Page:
Orchestrating Enterprise Mobility

For years, whenever we have asked IT managers to tell us their top goal, it’s always been to increase the integration of IT with overall business strategies. Yet, in Baseline’s latest survey, developed in collaboration with Keane, a San Francisco-based global services firm that specializes in the optimization of IT investments, we found that, while IT does play a critical role in mobility initiatives, it is not an equal partner when it comes to creating strategy, explaining the business case or driving adoption.

When our survey took a close look at the dynamic taking place as enterprises adopt mobility technologies, it found that executives, as early adopters of mobile devices, can directly experience and imagine the benefits of mobility initiatives—and, as users, they are extremely forceful mobility advocates. (In three-quarters of companies with 500 or more employees, users of mobile technology are the single biggest force driving mobility deployments.) And these individuals naturally turn to line-of-business managers to justify the investment and build the strategies.

That’s how 60 percent of the enterprises surveyed can have comprehensive strategies or road maps for managing mobile technology without IT leading the creation of those strategies. Instead, 47 percent of the time, line-of-business managers lead, and 21 percent of the time, corporate executives lead.

“Initially, the demand for mobility technology grew from the business units, and then we in IT created projects to deliver on those requirements, which included the business case,” recalls Carlos Barrera, director of distributed technology and technical services at Sears Canada, headquartered in Toronto, Ontario.

IT’s second-line role in mobility initiatives seems unusual—and problematic. It may be because of mobility’s foundation in traditionally non-IT areas: telecommunications (cell phones) and personal gadgets. But whatever the reason, our findings show that it’s time for the IT organization to play a full role at the beginning of the process, so that it can make the most out of the end of the process.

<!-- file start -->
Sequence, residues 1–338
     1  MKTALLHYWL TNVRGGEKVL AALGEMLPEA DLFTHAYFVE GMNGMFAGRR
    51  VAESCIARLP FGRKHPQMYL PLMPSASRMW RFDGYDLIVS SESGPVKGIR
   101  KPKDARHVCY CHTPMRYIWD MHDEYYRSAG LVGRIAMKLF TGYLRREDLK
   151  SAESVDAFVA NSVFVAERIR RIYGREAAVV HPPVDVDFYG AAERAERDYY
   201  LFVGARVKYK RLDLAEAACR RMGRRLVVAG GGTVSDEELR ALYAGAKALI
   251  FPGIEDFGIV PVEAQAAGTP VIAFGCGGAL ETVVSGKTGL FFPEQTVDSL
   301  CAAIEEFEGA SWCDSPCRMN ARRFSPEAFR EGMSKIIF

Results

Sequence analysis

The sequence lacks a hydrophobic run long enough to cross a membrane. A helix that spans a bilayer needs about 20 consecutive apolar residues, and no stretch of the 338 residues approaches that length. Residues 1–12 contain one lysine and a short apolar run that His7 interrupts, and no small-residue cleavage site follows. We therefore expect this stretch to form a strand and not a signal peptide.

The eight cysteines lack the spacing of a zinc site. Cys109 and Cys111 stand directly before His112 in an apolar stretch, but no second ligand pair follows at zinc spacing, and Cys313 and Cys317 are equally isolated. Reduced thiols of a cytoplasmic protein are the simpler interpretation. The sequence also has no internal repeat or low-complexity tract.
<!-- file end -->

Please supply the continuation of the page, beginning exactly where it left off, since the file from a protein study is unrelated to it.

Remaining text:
Our survey provides some proof of the value IT brings to the table. We asked respondents to rate the success of their mobility initiatives across six categories: capabilities, business value, cost evaluation, cost reduction, risk management and infrastructure impact. Enterprises in which IT management was the most active advocate in promoting mobility had higher scores in all six categories. The most significant increases were in capabilities, business value and cost evaluation.

IT Knows Best?

Currently, the IT organization is firmly in command of only the implementation of enterprise mobility: It issues client devices and carries mobility budgets, especially for mobile applications. Fifty-one percent of IT departments in companies with 500 or more employees—and 68 percent in enterprises with 5,000 or more workers—have staff dedicated to supporting or acquiring mobile technology. And nearly all IT organizations in large firms provide help desk support and training to mobile technology users.

So, no matter how involved the telecom, facilities or business units have been in mobility initiatives in the past, it’s now the information technology organization that understands it best: IT knows the capabilities and costs of mobile technology, and is uniquely positioned to explain the ROI organizations can expect from their mobility investments.

“A great deal of rigor is required to deliver solutions that operate similar to a light switch,” points out Dennis Figueroa, manager of infrastructure and operations at Alcatel-Lucent in Calabasas, Calif. “Otherwise, you risk having the end-user not adopt them. That’s the benefit of having IT teams deliver the solutions.”

Nevertheless, our survey shows that it’s the business leaders, not the IT leaders, who are driving the adoption of mobility technologies.

As a result of IT’s slow start in the mobility arena, it has become, in many cases, little more than the service desk for business divisions or groups looking to mobilize. Is that the right way to go? Admittedly, the business units and corporate management are usually the ones with profit-and-loss expectations and the greatest ability to justify the investment in equipment, services and application development. But centralized IT provides the economies of scale and technical expertise needed to make that investment as profitable as possible.